In this paper, we pointed out that centralized configuration management processes must be avoided. Instead, we proposed to use a reliable and resilient, decentralized process controlled by a configuration management system (CMS). Such a process can be created by the means of separation of concerns and multi-party authorization (MPA).
However, as MPA can result in conflicts, we proposed configurable conflict mediation strategies that pursue two goals, namely increasing the chance 1) to reject malicious configurations and 2) to accept good configurations when under attack. We discussed the benefits of our approach over majority voting and finally described how strategies can be implemented as part of our tamper-resistant and auditable configuration management system TANCS.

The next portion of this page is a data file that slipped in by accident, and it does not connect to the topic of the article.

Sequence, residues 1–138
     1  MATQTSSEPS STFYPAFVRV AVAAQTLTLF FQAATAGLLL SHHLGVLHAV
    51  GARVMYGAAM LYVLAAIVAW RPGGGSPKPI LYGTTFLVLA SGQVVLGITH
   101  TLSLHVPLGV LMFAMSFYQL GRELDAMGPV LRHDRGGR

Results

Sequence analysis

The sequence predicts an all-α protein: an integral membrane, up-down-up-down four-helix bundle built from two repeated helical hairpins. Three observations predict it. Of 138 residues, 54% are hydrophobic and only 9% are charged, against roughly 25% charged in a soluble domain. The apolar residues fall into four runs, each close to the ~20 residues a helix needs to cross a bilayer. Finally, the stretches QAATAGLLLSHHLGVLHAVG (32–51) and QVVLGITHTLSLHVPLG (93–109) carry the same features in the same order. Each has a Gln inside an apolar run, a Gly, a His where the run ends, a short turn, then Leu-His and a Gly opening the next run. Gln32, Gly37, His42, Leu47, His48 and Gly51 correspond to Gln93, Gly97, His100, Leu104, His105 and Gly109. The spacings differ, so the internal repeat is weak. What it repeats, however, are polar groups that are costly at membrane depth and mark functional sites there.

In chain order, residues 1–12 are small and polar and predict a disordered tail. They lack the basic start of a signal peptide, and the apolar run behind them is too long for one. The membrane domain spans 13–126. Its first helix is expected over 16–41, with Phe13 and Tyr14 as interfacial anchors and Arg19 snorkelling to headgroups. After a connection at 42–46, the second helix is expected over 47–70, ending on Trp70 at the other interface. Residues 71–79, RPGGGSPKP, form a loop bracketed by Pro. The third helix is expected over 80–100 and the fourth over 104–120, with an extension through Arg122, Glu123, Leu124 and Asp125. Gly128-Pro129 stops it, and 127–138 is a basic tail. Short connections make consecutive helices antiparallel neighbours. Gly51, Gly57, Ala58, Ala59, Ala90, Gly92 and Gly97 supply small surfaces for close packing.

Future work includes a more formal analysis of TANCS and an extension of the life cycle of configurations that allows to quickly switch between authorized configurations in urgent situations like network failures or attacks.